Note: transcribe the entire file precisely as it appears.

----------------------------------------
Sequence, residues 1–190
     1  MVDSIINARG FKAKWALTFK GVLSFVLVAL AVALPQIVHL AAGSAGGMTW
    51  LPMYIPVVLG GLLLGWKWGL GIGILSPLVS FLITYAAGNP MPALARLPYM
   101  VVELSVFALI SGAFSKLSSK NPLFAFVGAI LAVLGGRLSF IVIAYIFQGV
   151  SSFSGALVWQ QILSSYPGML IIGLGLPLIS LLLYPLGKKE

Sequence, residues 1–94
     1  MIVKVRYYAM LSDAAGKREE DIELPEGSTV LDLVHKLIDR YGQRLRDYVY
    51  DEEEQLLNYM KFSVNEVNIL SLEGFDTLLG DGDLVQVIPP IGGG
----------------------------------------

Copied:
Sequence, residues 1–190
     1  MVDSIINARG FKAKWALTFK GVLSFVLVAL AVALPQIVHL AAGSAGGMTW
    51  LPMYIPVVLG GLLLGWKWGL GIGILSPLVS FLITYAAGNP MPALARLPYM
   101  VVELSVFALI SGAFSKLSSK NPLFAFVGAI LAVLGGRLSF IVIAYIFQGV
   151  SSFSGALVWQ QILSSYPGML IIGLGLPLIS LLLYPLGKKE

Sequence, residues 1–94
     1  MIVKVRYYAM LSDAAGKREE DIELPEGSTV LDLVHKLIDR YGQRLRDYVY
    51  DEEEQLLNYM KFSVNEVNIL SLEGFDTLLG DGDLVQVIPP IGGG